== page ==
Georgia State and Army: Keys to the game

Panthers face Army in week one of the season, putting the team to the test. Photo by Harry Wyman | The Signal

With the playoffs potentially expanding, victories for groups of five schools against tough non-conference opponents are more crucial than ever. For Georgia State to even get close to a chance at playoff selection or a New Years Six bowl appearance, they will have to have the best season in the program’s history. 

In particular, the Panthers will have to play the best football in their short history, starting with a home opener with the Army Black Knights. Though we do not know what the future will hold, The Signal has some pretty strong predictions about this year. Firstly, the Panthers have numerous returning veterans. 

The Panthers are returning with the same team that finished 6-4 overall and 4-4 in the conference last season. The Panthers have nine returning starters on defense, including safety Antavious Lane, defensive end Hardrick Willis, linebacker Blake Carroll and cornerback Quavian White.

Georgia State led the Sun Belt Conference in sacks (35) and finished second in third-down defense and against the run. Georgia State also brought in talented transfers to bolster the defense. 

The most notable of these transfers is Wake Forest linebacker Shamar McCollum, a former three-star recruit from South Carolina. The experienced defense is invaluable against a loaded non-conference schedule and formidable conference foes. 

The Panthers’ starting quarterback Cornelious “Quad” Brown is also excited about the Panthers’ talent going into the season. 

The thing that excites me the most is the potential and talent that we have,” Brown said. “I feel like that talent, and that continuity is going to make us special.”

The Panthers also have the benefit of a loaded passing attack. In 2020, they were essentially a Big-12 team on a budget. The passing attack led by Brown guided the Panthers to average 33.3 points per game to victory in the LendingTree Bowl against Western Kentucky.

Georgia State is deep at wide receiver lead by All-Sun Belt Second Team receiver Sam Pinckney. The redshirt junior led the team with 47 catches for 815 yards and seven touchdowns during the 2020 campaign.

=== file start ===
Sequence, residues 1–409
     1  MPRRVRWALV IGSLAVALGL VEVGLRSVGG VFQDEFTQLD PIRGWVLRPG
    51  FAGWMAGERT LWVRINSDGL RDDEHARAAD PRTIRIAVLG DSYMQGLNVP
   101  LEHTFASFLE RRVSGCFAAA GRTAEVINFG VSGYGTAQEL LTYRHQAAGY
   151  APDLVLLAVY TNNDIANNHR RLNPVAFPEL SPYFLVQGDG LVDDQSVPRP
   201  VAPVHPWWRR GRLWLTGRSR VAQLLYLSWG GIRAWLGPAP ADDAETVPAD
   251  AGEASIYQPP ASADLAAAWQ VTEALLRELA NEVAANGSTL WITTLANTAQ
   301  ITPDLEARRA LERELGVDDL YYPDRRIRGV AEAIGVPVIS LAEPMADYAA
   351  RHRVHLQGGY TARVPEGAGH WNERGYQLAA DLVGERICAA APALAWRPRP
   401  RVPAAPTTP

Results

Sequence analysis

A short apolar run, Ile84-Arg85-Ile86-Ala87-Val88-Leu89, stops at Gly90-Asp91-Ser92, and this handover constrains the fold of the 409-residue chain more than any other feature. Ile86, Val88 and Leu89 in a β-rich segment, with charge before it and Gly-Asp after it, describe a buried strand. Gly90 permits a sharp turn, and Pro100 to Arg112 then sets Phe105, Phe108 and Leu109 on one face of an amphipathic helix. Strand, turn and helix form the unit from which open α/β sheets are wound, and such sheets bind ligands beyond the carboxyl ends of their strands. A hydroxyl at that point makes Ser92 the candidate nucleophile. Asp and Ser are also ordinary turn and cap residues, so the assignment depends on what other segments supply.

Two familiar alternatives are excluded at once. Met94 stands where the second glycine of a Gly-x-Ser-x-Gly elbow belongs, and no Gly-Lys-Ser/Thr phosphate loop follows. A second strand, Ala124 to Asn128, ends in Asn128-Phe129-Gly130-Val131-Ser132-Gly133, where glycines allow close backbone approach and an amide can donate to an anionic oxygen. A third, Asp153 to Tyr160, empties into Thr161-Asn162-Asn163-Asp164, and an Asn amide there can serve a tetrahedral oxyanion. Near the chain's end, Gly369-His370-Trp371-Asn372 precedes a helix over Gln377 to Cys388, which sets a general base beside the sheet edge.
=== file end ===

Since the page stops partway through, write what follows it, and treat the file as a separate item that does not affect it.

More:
The Panthers also added to their core with the former Central Florida receiver Ja’Cyais Credle. Finally, the most significant advantage that the Panthers have: the aforementioned Quad Brown.

Following the exit of former quarterback Dan Ellington, fans debated who would emerge to take his place. Since winning the job, Brown hasn’t looked back and was solid in the first season as signal-caller. 

Behind a veteran offensive line, the redshirt freshman threw 17 touchdowns and finished second in the conference, throwing 227 yards per game. 

After capping last season with an MVP performance in the LendingTree Bowl, the redshirt sophomore quarterback is ready to take the next step. However, for all of the advantages of the Panthers, Army has some incredible strengths. 

If there is one constant, it is the Army’s offense. The Black Knight offense grinds its opponents, holding the ball for 35 minutes even on non-scoring drives. 

Army can quickly grind the game to a halt and prevent the Panther offense from taking the field. Ben Moore of 247Sports would not be surprised if it is the Panthers’ shortest game of the season.

“I could see Army holding onto the ball on offense and making the game a slog for the Panthers,” Moore said. “Don’t be shocked if this is the shortest game that the [Panthers] play this season.” 

The Panthers’ shaky secondary might also turn into a massive advantage for the Army. While the Panthers had no issue getting to the quarterback, allowing big plays certainly plagued the team. The Army offense, while not the most lethal, can take advantage of big-play opportunities. 

One of the games where Georgia State gave up one of its biggest plays was its 59-52 shootout loss against Arkansas State. If the Black Knights can expose the secondary, it might be a long afternoon for the Panthers in their home opener. However, Army’s most significant advantage is their most prominent, their defense. 

Army’s defense was ranked number one in the nation regarding yards allowed, giving up 275 yards and 27 points per game. There might be several missed starters, but many of the top tacklers are back.

Army Linebacker Arik Smith will be a force on defense, and he led the team with 78 stops playing at middle linebacker. The secondary also returns many starters, and the Black Knights could indeed halt the Panthers’ high-powered offense.

Army, traditionally, is an opponent that prides itself in eating clock with long drives that stall the game and keep opponents off the field. While the Panthers’ defense will get to the quarterback, the Army defense will stave off a hot Panther offense.